He was responsible for the publication of "The Silmarillion" and other works expanding on the world of Middle-earth
By: Linnea Crowther
1 month ago
Christopher Tolkien was the youngest son of “Lord of the Rings” author J.R.R. Tolkien, who edited and published his father’s work in the years after his death. He has died, the Tolkien Society announced Thursday.
Tolkien organized the massive amount of writing his father left behind upon his 1973 death, publishing works including “The Silmarillion,” “Unfinished Tales,” and “Beren and Luthien.” These and other works posthumously published by the younger Tolkien expanded upon the world of elves and hobbits, dwarves and wizards that had been created in “The Lord of the Rings” and “The Hobbit.” Tolkien also drew the original maps of Middle-earth included with “The Lord of the Rings” trilogy.
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Details of death: Died at the age of 95.
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An early fan: Tolkien was one of his father’s first audiences, listening to tales of Bilbo Baggins and the other magical characters who inhabited Middle-earth even as his father first began to formulate them. As the stories grew, Tolkien grew with them, finding purpose in pulling together his father’s attempts at a map into a more comprehensive map for publication. The author once called Tolkien his “chief critic and collaborator.”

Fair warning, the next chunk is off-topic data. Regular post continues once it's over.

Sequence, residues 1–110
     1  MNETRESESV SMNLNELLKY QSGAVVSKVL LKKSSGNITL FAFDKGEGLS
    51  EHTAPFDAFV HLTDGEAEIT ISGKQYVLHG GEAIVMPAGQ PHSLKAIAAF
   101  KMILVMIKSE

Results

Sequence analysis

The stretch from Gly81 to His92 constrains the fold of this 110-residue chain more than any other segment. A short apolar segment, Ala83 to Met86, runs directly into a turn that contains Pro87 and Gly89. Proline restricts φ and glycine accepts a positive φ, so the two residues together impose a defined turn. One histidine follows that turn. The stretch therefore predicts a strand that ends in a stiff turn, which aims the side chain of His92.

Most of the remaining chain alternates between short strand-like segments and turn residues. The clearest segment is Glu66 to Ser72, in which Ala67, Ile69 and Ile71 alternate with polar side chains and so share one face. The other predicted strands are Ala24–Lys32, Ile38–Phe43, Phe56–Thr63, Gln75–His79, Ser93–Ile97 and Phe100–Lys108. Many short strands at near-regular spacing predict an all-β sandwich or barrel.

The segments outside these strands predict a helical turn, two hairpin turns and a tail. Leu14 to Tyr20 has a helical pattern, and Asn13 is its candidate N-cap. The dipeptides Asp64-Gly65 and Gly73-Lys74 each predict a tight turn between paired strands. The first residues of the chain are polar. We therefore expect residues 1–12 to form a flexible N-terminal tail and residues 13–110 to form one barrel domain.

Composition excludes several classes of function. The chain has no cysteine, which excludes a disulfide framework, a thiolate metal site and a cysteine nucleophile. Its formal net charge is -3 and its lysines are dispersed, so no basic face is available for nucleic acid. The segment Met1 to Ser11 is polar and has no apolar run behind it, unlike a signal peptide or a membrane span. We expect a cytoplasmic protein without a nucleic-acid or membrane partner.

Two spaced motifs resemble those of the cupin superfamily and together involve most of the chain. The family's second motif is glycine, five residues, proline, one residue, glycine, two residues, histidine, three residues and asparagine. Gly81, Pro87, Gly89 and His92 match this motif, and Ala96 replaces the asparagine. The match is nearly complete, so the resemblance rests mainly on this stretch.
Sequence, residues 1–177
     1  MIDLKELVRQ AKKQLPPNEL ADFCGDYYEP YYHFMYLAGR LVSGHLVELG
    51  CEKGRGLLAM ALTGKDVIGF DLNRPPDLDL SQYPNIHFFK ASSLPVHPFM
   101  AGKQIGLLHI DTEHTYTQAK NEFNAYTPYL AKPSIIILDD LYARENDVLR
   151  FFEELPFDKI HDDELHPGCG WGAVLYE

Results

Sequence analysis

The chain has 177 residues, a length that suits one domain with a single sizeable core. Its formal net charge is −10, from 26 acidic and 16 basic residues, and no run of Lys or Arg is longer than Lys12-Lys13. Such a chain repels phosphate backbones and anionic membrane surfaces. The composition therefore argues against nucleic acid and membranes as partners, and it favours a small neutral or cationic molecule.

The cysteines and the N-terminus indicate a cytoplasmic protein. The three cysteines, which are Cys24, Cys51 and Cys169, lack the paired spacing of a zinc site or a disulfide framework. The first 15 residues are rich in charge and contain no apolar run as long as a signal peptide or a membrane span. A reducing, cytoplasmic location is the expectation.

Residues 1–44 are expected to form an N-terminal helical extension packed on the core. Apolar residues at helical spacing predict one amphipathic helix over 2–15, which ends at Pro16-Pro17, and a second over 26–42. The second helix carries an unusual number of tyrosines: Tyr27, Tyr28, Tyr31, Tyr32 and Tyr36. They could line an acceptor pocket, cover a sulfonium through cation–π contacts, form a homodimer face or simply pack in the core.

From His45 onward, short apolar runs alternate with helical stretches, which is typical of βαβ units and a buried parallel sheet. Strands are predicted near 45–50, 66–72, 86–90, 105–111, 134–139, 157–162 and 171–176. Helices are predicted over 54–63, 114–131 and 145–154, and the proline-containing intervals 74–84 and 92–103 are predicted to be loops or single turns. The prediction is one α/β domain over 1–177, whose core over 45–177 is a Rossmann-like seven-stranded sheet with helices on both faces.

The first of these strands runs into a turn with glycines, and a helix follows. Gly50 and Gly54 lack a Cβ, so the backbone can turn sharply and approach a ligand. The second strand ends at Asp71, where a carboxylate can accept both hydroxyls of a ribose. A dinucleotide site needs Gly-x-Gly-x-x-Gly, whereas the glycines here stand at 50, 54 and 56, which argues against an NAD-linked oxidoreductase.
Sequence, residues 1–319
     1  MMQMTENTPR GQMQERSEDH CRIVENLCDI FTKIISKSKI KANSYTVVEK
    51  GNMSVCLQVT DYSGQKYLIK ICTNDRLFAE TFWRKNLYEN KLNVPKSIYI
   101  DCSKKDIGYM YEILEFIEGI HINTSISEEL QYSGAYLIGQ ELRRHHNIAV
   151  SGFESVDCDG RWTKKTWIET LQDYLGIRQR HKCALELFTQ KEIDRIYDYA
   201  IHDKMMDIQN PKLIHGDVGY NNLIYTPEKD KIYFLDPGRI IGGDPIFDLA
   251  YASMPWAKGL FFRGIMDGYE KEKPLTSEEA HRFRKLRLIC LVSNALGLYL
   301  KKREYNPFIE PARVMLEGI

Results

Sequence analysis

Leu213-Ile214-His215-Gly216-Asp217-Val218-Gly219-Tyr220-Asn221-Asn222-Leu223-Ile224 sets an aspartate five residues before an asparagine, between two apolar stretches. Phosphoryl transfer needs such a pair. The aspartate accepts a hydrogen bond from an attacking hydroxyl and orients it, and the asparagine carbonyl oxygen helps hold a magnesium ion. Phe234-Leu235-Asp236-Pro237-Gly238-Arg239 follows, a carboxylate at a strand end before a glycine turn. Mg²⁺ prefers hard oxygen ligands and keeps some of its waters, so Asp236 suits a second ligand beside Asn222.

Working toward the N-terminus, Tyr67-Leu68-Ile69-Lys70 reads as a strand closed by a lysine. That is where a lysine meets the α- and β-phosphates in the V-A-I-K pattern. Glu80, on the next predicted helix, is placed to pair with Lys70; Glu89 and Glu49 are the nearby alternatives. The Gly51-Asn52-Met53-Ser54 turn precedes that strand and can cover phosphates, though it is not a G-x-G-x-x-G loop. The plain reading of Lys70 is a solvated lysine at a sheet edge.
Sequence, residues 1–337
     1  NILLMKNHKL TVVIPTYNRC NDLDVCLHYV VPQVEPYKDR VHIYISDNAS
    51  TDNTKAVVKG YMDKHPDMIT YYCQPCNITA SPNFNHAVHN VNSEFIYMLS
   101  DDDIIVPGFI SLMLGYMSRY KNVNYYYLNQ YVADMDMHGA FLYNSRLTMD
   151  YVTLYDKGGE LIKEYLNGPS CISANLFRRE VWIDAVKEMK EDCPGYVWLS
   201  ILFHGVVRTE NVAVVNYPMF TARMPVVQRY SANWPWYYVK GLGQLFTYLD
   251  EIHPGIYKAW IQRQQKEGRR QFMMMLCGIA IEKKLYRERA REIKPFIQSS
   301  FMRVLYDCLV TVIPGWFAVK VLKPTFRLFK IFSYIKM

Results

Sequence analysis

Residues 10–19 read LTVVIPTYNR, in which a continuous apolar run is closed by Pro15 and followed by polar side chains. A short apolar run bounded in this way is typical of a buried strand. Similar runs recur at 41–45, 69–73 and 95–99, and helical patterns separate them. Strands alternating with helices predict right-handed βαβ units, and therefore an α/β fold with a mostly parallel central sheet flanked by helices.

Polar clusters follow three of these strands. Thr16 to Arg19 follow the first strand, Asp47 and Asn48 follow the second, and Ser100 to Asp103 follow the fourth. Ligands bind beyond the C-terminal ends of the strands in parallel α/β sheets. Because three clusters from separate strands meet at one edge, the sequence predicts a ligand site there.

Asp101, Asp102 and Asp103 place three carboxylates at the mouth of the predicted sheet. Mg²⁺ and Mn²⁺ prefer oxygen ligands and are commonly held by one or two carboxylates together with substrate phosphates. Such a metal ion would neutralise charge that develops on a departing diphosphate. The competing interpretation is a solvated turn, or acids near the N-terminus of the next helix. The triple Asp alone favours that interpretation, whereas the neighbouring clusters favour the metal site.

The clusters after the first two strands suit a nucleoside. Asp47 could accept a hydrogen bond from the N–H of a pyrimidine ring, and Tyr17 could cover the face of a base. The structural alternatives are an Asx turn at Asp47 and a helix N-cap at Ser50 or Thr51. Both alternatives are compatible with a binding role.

What people said about him: “RIP Christopher Tolkien. Thank you for bringing to life your father’s works in the Silmarillion so that we could all share in its brilliance. My constant companion. The book I read every year.” —“Lord of the Rings” actor Jed Brophy
“I’ve just recently heard that Christopher Tolkien has died. So ends the watch of a man who without question fulfilled his quest. A more faithful and diligent steward of Middle-earth no one could have asked for. We owe him a tremendous and incalculable debt.” —Twitter user @tolkienprof
“Christopher Tolkien made the entire field of Tolkien Studies. He made it. Without his lifetime’s effort to curate his father’s works, we’d have four novels. No Silmarillion, no Histories. No linguistic journals. His impact cannot be understated.” —Athrabeth Podcast
Full obituary: The New York Times